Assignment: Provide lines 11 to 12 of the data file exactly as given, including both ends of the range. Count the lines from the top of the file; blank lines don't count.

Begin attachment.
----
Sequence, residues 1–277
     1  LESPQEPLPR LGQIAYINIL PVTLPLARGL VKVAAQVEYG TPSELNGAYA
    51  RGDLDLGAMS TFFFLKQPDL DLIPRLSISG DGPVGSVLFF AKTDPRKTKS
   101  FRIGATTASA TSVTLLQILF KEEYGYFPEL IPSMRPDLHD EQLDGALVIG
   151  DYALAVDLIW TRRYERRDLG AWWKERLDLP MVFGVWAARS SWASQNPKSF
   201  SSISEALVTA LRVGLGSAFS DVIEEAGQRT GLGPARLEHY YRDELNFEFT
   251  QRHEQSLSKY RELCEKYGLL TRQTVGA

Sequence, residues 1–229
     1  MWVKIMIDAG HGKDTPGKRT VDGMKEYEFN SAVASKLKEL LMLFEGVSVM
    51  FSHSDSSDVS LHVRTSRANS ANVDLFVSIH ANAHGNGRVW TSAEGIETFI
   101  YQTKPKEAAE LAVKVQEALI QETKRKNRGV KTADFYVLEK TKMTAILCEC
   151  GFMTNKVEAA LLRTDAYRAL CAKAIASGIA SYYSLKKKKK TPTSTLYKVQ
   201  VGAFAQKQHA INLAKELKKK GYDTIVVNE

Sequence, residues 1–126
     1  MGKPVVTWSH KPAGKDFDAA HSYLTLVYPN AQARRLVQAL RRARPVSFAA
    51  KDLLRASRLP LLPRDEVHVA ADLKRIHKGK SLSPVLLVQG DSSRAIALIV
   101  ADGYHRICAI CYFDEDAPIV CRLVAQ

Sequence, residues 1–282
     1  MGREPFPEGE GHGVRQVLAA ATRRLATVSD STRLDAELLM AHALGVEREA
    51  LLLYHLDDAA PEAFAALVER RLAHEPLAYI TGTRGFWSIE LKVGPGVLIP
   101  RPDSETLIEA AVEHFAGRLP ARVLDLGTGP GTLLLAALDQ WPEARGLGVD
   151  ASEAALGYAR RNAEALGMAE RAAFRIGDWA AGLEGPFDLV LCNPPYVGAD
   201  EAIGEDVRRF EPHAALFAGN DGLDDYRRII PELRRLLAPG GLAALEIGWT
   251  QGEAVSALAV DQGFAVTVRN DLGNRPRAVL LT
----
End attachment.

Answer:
   101  YQTKPKEAAE LAVKVQEALI QETKRKNRGV KTADFYVLEK TKMTAILCEC
   151  GFMTNKVEAA LLRTDAYRAL CAKAIASGIA SYYSLKKKKK TPTSTLYKVQ